Asian stocks and S&P futures fall modestly and European shares are little changed as traders digested the surprising reticence from yesterday's ECB meeting. The dollar jumped to 7 month highs, pressuring EM currencies and pushing the euro to its weakest level since March and below the Brexit lows, after Mario Draghi shut down talk of tapering, while the Yuan dropped to the lowest since 2010.
The key economic releases this week include industrial production on Monday, CPI on Tuesday, and housing starts on Wednesday. There are several scheduled speeches from Fed officials this week. The Beige Book for the November FOMC period will be released on Wednesday.
World stocks started the week in the red Monday as the dollar touched a 7-month high and U.S. and European government bond yields climbed to their highest since June following the Friday speeches by Eric Rosengren and Janet Yellen which hinted the Fed's next step could be to pursue a steepening of the TSY yield curve the same as the BOJ.
"In examining some of some of our favorite indicators’ recent trends, we did find evidence for an imminent recession. While the range of signals is wide, in aggregate they do suggest that, if data were to continue to weaken in line with the recent pace, history would point to a recession in the second half of 2017"
Despite the Deutsche-driven bounce in Western markets on Friday, the 'panic in The Kingdom' that we highlighted earlier in the week is accelerating fast. Following demands from officials for banks to reschedule loans to clients affected by last week's decision to cut salaries and bonuses for state employees, Middle-East bank stocks are collapsing and Saudi's Tadawul Index is back near its 2009 lows...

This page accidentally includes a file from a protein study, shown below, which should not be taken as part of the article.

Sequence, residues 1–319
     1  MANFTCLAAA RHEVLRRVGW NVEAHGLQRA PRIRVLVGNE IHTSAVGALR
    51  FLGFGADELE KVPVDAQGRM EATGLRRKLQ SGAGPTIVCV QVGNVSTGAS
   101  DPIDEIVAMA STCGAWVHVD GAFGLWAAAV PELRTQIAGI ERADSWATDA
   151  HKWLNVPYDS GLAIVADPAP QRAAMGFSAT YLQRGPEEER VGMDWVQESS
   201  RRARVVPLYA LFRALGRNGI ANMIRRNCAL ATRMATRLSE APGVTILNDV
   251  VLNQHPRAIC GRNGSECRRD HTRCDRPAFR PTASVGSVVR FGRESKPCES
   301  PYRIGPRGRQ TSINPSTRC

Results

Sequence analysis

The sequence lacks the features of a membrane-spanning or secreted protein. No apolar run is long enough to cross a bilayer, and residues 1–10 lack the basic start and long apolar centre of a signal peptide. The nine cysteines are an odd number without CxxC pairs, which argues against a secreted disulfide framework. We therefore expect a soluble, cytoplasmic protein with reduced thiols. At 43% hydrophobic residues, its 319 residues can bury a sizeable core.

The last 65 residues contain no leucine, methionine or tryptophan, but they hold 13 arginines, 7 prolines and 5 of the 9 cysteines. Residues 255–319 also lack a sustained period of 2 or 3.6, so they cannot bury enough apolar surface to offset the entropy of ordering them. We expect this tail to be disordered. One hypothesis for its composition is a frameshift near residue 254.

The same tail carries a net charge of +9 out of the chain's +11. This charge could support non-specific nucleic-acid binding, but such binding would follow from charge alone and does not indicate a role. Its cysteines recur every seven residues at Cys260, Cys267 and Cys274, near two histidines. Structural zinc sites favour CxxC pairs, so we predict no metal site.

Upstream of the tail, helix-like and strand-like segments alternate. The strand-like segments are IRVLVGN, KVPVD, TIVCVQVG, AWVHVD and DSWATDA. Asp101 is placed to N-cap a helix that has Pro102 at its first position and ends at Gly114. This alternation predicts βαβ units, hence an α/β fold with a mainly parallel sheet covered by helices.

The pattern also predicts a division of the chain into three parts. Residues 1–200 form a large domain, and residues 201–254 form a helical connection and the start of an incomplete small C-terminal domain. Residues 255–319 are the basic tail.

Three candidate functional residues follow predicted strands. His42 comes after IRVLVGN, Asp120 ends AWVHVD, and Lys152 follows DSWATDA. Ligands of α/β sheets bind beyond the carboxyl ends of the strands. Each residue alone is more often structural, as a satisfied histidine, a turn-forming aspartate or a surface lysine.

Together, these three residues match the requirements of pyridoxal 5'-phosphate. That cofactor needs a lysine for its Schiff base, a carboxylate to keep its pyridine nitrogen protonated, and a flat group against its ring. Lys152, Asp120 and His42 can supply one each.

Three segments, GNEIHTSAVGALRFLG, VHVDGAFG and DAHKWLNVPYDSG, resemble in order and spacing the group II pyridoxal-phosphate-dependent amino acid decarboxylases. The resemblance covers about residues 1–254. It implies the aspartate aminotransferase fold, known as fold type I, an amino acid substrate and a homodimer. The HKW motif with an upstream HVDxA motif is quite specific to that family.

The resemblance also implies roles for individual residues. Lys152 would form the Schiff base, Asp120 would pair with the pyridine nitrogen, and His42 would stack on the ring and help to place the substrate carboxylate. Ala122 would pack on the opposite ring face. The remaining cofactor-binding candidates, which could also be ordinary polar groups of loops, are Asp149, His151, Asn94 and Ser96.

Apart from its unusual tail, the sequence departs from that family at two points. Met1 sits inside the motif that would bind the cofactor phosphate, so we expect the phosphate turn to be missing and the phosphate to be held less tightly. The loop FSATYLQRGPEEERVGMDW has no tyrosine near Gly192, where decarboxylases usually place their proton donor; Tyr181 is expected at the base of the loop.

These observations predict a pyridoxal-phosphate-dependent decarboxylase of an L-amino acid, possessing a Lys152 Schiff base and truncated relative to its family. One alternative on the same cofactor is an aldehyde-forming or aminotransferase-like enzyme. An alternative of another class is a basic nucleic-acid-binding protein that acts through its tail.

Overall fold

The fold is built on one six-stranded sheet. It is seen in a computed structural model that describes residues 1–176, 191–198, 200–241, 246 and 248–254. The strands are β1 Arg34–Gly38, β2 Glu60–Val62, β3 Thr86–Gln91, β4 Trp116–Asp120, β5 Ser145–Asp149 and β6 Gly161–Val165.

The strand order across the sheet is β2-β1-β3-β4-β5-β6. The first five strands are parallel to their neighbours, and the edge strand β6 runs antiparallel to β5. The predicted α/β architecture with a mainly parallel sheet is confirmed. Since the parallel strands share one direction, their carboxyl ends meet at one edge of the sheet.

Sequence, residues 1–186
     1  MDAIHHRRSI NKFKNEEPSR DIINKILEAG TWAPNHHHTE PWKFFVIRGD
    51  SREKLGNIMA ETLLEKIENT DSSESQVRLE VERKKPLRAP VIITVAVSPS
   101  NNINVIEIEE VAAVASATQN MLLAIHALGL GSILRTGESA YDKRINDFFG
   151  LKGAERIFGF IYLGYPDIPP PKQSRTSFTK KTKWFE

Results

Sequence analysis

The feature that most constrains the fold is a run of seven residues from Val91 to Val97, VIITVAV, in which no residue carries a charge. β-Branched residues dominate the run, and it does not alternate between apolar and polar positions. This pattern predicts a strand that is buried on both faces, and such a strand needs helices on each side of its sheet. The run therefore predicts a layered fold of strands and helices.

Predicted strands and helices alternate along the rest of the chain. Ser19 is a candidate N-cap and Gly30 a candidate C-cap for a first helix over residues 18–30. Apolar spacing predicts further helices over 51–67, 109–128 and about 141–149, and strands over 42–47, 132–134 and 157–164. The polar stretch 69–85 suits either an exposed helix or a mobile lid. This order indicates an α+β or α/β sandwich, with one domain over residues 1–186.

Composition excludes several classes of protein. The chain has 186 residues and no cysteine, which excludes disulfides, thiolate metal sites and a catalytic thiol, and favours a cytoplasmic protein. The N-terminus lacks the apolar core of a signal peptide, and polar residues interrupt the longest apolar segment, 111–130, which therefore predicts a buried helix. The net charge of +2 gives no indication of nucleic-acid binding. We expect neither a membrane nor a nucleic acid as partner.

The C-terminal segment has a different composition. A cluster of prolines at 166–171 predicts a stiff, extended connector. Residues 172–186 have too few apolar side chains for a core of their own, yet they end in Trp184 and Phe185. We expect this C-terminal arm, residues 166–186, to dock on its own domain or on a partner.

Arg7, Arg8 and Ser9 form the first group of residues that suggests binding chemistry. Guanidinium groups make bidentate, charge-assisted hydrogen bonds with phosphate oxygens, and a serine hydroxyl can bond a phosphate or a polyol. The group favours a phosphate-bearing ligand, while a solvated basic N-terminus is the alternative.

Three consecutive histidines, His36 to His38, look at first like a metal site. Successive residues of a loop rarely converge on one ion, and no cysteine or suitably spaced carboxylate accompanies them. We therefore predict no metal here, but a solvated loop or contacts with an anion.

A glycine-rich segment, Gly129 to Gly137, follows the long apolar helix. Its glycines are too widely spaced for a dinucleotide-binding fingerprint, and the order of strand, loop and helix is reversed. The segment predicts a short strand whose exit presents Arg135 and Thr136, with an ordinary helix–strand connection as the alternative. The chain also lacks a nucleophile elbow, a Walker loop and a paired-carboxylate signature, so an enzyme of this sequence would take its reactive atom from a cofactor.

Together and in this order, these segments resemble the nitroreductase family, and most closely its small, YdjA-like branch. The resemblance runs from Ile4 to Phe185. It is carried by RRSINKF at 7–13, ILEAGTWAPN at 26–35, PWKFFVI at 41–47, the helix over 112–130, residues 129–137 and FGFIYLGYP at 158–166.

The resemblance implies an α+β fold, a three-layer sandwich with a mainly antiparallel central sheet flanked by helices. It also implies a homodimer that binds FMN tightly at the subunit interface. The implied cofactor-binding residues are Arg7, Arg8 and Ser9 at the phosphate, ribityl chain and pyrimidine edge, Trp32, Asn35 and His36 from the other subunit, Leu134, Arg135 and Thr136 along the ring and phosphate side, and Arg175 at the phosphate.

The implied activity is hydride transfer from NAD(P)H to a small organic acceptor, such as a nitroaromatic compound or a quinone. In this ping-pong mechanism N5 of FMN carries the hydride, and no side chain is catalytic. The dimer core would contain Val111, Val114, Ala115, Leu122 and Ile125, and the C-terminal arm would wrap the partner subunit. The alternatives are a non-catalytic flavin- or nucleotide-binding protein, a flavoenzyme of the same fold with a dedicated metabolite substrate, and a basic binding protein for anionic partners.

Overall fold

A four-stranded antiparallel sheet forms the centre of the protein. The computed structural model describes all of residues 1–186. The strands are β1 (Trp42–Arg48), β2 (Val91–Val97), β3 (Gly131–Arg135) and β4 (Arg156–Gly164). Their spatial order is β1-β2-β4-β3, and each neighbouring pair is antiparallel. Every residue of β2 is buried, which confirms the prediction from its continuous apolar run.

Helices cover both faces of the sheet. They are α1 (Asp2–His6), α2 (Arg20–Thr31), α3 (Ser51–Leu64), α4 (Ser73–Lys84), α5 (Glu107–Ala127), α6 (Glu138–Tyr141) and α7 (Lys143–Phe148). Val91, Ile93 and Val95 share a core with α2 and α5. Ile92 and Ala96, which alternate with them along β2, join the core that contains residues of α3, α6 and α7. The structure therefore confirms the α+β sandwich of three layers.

Record levels denote the point that previously marked the end of a cycle, not the beginning of a new one. This point is often missed by the mainstream media. Record highs of anything, whether it is economic, fundamental or financial data, are warnings signs of late stage events.
After yesterday's "Hillary rally" in the US, the overnight's session has seen more risk-on sentiment as European stocks advanced, ignoring weakness in Asia as investors followed every twist of shares of beleaguered lender Deutsche Bank, whose CEO last night assured Bill readers that the bank is not seeking a bailout, which however was contradicted by a Zeit article this morning reporting that Germany may seek as much as s 25% "bailout" stake in a worst case scenario.
Just days after Bloomberg's Consumer Comfort index plunged to its lowest since 2015, The Conference Board reports a spike in Consumer Confidence to 104.1 - the highest since Sept 2007 (right before the market topped out).
A rally in global risk that started during last night's first presidential debate on the market's take that Hillary came out on top fizzled, following news that the DOJ is assessing how big a criminal fine it can extract from Volkswagen (-3.8%) over emissions-cheating "without putting the German carmaker out of business", while Iran's oil minister Zanganeh told reporters Iran is ununwilling to freeze output at current levels. Deutsche Bank dropped to a new all time low while its default risk hit fresh record highs.
The week ahead is striking in the sheer number of central bank speakers, but with the Fed on hold until December and the BoJ’s new framework now revealed, focus turns squarely from central banks to US politics. The first US presidential debate at the start of the week will be a key focus.
While today's biggest event for both markets and politics will be tonight's highly anticipated first presidential debate between Trump and Hillary, markets are waking up to some early turmoil in both Asia and Europe, with declines in banks and energy producers dragging down stock-markets around the world, pushing investors to once again seek the safety of government bonds and the yen.
After Wednesday’s policy statements by the Fed and Bank of Japan, a harsh light is being shined on the incredible nature of their communications. It would be wise in the current environment to structure investment portfolios with a pro-volatility bias.